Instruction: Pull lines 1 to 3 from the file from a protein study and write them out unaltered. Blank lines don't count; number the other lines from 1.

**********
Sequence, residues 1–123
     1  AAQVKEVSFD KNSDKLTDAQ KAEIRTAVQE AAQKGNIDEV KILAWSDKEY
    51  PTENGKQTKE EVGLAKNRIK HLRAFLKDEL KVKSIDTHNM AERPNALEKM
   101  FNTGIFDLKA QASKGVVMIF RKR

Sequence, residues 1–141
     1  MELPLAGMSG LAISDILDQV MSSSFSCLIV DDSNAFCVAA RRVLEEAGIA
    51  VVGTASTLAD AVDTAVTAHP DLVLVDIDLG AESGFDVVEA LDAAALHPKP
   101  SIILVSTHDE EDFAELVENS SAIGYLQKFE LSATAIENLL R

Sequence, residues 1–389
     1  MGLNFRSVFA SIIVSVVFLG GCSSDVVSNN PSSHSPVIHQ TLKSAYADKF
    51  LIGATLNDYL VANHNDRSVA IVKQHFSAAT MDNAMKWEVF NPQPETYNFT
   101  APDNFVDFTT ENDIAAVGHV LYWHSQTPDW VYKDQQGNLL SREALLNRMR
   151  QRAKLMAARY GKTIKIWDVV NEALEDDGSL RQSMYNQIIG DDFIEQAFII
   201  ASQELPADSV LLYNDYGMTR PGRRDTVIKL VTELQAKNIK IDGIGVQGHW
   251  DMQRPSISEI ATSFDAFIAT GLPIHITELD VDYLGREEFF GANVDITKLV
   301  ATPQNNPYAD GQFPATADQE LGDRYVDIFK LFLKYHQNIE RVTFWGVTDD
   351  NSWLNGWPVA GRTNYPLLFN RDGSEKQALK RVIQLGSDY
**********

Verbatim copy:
Sequence, residues 1–123
     1  AAQVKEVSFD KNSDKLTDAQ KAEIRTAVQE AAQKGNIDEV KILAWSDKEY
    51  PTENGKQTKE EVGLAKNRIK HLRAFLKDEL KVKSIDTHNM AERPNALEKM